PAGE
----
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@AndiRudi my opinion about lazy loading is different, here are my concerns

  1. it's not simplify but hiding (at least IMHO) because a non EF expert cannot see something EF related in course.Bookings.ToList() and explicit is better than implicit.
  2. Requires that your model matches some EF requirements (e.g. virtual navigation properties) and I prefer avoid.
  3. It's super easy to fall in the SELECT N+1 trap
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ilmax commented Dec 2, 2015

@AndiRudi my opinion about lazy loading is different, here are my concerns

  1. it's not simplify but hiding (at least IMHO) because a non EF expert cannot see something EF related in course.Bookings.ToList() and explicit is better than implicit.
  2. Requires that your model matches some EF requirements (e.g. virtual navigation properties) and I prefer avoid.
  3. It's super easy to fall in the SELECT N+1 trap
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AndiRudi Dec 2, 2015

@ilmax I see... but then we don't need the navigation properties (.Bookings) at all? Then I always have to query the database with context.Bookings to make sure I have the correct data and using .Bookings would always be kind of "I dont know whats in there"....

The only case it would make sense is when using .Include(). And .Include() only makes sense when you write everything in one method because you'll never know what data is needed later (exception you write everything in one method).

AndiRudi commented Dec 2, 2015

@ilmax I see... but then we don't need the navigation properties (.Bookings) at all? Then I always have to query the database with context.Bookings to make sure I have the correct data and using .Bookings would always be kind of "I dont know whats in there"....

The only case it would make sense is when using .Include(). And .Include() only makes sense when you write everything in one method because you'll never know what data is needed later (exception you write everything in one method).

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jemiller0 Dec 2, 2015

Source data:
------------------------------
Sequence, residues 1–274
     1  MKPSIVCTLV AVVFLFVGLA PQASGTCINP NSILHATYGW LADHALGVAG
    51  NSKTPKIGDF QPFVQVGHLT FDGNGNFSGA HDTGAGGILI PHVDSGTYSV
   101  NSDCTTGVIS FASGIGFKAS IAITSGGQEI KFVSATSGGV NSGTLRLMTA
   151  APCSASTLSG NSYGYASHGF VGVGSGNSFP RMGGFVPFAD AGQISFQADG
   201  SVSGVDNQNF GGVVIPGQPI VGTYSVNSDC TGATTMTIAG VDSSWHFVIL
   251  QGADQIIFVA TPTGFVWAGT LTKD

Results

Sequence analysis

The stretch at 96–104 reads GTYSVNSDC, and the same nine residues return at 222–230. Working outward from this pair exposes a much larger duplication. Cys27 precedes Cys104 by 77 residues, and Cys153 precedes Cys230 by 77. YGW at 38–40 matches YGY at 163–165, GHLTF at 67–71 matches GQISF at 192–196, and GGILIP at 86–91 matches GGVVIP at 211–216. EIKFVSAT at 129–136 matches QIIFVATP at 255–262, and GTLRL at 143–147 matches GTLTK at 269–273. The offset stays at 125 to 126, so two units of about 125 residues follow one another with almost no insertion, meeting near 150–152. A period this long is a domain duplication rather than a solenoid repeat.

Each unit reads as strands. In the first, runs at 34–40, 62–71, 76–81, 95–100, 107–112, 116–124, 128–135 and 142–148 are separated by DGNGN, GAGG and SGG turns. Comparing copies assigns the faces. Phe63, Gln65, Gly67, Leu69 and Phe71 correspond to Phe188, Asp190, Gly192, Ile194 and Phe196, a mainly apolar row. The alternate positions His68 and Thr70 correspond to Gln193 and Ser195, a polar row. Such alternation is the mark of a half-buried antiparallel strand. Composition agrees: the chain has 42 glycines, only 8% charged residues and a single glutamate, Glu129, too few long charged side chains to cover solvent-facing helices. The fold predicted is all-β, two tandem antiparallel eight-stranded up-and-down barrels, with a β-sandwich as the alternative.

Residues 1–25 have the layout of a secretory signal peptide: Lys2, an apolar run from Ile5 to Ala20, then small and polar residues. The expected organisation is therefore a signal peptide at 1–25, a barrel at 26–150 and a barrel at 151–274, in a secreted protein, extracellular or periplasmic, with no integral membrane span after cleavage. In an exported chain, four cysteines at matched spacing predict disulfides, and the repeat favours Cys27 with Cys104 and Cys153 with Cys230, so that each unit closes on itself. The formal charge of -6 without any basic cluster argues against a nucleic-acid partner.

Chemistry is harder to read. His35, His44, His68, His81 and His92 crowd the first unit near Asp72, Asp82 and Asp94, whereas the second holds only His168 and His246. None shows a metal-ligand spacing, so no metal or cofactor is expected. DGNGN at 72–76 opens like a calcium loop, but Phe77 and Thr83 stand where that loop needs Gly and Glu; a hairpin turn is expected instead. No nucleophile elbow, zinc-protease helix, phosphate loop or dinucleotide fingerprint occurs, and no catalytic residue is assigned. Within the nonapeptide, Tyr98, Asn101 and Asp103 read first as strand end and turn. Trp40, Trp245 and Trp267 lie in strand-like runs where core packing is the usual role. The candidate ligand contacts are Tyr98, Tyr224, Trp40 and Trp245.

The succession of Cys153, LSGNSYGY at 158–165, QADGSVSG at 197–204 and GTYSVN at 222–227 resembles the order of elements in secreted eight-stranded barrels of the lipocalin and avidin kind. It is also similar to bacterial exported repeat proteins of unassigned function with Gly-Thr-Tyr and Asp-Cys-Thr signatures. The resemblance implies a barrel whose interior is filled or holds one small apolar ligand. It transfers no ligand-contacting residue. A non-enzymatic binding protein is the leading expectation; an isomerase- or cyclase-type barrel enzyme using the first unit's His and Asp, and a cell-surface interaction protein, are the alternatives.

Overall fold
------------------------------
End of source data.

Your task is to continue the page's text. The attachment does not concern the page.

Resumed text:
OK, you convinced me. I think lazy loading should be there as well. I'm surprised that even explicit loading isn't there. I think that tells you where EF 7 is. It is a rewrite and important features are still missing. EF is my preferred ORM for .NET, but, it has always lagged behind other ORMs such as NHibernate. Microsoft was late to the game to begin with. In some respects, they still aren't to the point where NHibernate was years ago (although in other respects they are ahead). Unfortunately, RedHat bought JBoss and they jettisoned NHibernate. Last time I checked, the new developers couldn't seem to even figure out how to put a link to the documentation on their website. So, I will stick with EF, even if it isn't perfect. I have a feeling we will be waiting for quite some time though before we see lazy loading.

jemiller0 commented Dec 2, 2015

OK, you convinced me. I think lazy loading should be there as well. I'm surprised that even explicit loading isn't there. I think that tells you where EF 7 is. It is a rewrite and important features are still missing. EF is my preferred ORM for .NET, but, it has always lagged behind other ORMs such as NHibernate. Microsoft was late to the game to begin with. In some respects, they still aren't to the point where NHibernate was years ago (although in other respects they are ahead). Unfortunately, RedHat bought JBoss and they jettisoned NHibernate. Last time I checked, the new developers couldn't seem to even figure out how to put a link to the documentation on their website. So, I will stick with EF, even if it isn't perfect. I have a feeling we will be waiting for quite some time though before we see lazy loading.

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AndiRudi Dec 4, 2015

Today i tried the new C# Interactive window and I think this is another +1 for Lazy loading. Maybe not as important, but quite cool.

Microsoft (R) Roslyn C# Compiler version 1.1.0.51109
Loading context from 'CSharpInteractive.rsp'.
Type "#help" for more information.
> #r "C:\coursika\Stories\2302-UpdatePurchaseOrder\Coursika.Core\bin\Debug\Coursika.Core.dll"
. using Coursika;
. var db = new CourseContext("Data Source=localhost;Initial Catalog=CoursikaProd;Integrated Security=SSPI;MultipleActiveResultSets=True");